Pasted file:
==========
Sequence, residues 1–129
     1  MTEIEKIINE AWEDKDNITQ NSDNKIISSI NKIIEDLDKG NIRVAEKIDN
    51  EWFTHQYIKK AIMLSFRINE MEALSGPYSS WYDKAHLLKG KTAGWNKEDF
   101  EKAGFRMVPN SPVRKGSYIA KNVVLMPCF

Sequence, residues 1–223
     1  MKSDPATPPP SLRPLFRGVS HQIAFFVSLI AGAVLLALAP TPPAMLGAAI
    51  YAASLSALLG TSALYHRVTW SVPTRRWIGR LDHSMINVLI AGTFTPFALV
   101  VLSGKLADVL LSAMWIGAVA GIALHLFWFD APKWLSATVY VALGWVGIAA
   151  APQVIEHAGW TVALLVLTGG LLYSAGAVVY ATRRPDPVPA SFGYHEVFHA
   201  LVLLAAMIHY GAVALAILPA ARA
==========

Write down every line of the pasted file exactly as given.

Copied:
Sequence, residues 1–129
     1  MTEIEKIINE AWEDKDNITQ NSDNKIISSI NKIIEDLDKG NIRVAEKIDN
    51  EWFTHQYIKK AIMLSFRINE MEALSGPYSS WYDKAHLLKG KTAGWNKEDF
   101  EKAGFRMVPN SPVRKGSYIA KNVVLMPCF

Sequence, residues 1–223
     1  MKSDPATPPP SLRPLFRGVS HQIAFFVSLI AGAVLLALAP TPPAMLGAAI
    51  YAASLSALLG TSALYHRVTW SVPTRRWIGR LDHSMINVLI AGTFTPFALV
   101  VLSGKLADVL LSAMWIGAVA GIALHLFWFD APKWLSATVY VALGWVGIAA
   151  APQVIEHAGW TVALLVLTGG LLYSAGAVVY ATRRPDPVPA SFGYHEVFHA
   201  LVLLAAMIHY GAVALAILPA ARA